National guidelines are published in the Medicare Benefit Policy Manual for determining who is assigned to inpatient status, and who is assigned to observation status. These guidelines are vague yet complex and can change every year, so most hospital Care Managers(CM) and insurance companies use a service that publishes criteria to help them apply the guidelines to each patient. Two of the most popular services are McKesson’s InterQual Criteria and Milliman Care Guidelines. These inpatient and observation guidelines typically address two different types of criteria.
Consider hiring a Holistic Aging Life Care Manager. They are familiar with the guidelines most hospital Care Managers and Insurance Carriers use. They can “talk the talk” to better advocate for your family member.
The first criterion is the severity of your illness (SI Criteria):
are you sick enough to need inpatient admission? Each criteria point has a whole slew of very specific evaluation points. This can include blood test results, X-ray findings, physical exam findings, and the types of treatments you’ve been prescribed.
Also, be aware in cases where there is not an ER CM. Your family member may be admitted as an inpatient upon arrival. In the morning, when a RN CM is assigned, the status can be converted to OBS. This is referred to as applying “Condition Code 44″. Your family member’s assigned RN CM will evaluate the case by look at the doctor’s findings, diagnosis, results from tests and studies, and prescribed treatment. Then they will compare it to these national guidelines. He or she will then use those guidelines to suggest to the doctor to assign either observation status, or inpatient status.
The second criterion is the intensity of the services you’re requiring (IS Criteria):
is the treatment you need intense enough or complex enough that a hospital is the most cost efficient place you can safely receive that treatment?
4. Get Vocal When OBS Beyond Two Midnight’s is Imminent :
Address your concerns with a CM with the information you’ve learned. They can help to assure the conversion to inpatients occur before the deadline.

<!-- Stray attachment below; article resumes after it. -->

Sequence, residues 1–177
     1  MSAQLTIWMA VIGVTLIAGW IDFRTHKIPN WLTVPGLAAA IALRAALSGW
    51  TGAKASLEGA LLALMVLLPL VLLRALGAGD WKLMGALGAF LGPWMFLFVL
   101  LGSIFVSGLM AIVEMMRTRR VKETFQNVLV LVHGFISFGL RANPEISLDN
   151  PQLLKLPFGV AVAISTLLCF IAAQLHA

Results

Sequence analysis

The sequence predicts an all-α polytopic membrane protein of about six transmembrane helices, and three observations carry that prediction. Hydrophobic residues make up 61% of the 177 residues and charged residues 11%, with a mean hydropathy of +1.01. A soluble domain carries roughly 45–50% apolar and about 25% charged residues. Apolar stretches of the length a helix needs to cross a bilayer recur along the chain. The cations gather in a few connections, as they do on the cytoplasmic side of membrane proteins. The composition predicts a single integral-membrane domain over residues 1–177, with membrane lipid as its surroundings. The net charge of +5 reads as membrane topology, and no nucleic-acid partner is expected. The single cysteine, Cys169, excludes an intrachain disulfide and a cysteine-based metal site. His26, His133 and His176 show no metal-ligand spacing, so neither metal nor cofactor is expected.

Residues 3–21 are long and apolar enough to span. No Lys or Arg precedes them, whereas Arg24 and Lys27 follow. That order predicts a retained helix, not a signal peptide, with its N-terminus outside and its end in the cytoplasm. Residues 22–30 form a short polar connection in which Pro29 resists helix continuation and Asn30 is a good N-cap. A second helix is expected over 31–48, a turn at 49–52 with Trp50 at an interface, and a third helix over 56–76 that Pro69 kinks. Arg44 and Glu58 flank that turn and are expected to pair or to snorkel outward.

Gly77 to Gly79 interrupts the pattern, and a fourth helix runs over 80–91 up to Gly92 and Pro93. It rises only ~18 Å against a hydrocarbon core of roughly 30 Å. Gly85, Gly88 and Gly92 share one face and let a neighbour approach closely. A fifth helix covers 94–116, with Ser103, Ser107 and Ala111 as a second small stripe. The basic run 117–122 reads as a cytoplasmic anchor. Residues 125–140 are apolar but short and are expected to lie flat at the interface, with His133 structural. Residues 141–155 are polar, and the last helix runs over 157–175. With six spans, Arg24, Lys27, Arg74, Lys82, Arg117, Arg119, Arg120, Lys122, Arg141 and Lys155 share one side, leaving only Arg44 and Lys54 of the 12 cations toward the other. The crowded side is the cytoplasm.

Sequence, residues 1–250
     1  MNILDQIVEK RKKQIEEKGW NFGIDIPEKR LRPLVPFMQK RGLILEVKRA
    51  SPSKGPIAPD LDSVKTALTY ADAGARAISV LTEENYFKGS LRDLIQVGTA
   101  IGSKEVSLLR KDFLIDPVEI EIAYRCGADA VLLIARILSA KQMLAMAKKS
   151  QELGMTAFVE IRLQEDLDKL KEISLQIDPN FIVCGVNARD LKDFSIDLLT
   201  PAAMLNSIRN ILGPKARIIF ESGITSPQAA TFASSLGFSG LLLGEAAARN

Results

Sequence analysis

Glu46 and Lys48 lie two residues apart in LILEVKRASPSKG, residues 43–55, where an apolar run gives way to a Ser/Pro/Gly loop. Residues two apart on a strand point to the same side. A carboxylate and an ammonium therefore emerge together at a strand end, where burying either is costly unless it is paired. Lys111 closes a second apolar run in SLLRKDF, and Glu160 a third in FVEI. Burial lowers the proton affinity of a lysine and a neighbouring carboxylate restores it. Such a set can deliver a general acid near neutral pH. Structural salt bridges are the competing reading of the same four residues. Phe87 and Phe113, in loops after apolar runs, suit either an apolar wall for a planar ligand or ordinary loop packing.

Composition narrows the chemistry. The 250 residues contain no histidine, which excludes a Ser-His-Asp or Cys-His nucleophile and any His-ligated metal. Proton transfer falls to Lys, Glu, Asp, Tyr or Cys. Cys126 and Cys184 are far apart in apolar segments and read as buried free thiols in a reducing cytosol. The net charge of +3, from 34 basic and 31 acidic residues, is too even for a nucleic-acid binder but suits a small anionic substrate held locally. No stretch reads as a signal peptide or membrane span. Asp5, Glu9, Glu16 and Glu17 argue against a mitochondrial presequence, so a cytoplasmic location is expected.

If you are not able to convert to inpatient status and can safely go home. Request a discharge and provide the CM with a safe discharge plan they have discussed with the family
If you are not able to convert to inpatient status and discharge home is not safe there are usually two scenarios:
A. Frequently, an inability to convert to inpatient status is due to poor documentation by those providing care.
A Life Care Manager can resolved this by determine the missing information from the chart and notifying staff.
B. The CM/hospital may insist on keeping your family member in the hospital under OBS. Yet, they still are uncooperative in admitting them as a inpatient.
A Life Care manager can resolve this by ask for a written notice of their insistence. Next, the Life Care Manager can advise your family member to appeal the Observation Status. At this point it’s clear that the care is “medically necessary” and appears to be “inpatient hospital level of care.”
5. After a OBS Hospital Stay
The patient might be able to appeal. Unfortunately, winning Medicare coverage in Observation cases is difficult. This is why its imperative to be prepare and protect yourself as much as possible while in Hospital Care. Try to get the patient’s physician to assist. Click here for details on how to appeal.
Observation Status has the potential to cause financial and physical harm to families and clients. Those with traditional Medicare insurance when they are hospitalized, especially those who need long-term care, are at risk. Congress or CMS should act now to solve this problem. Not all patient advocates have the insurance expertise to understand these implications. However, our Life Care Manager’s do.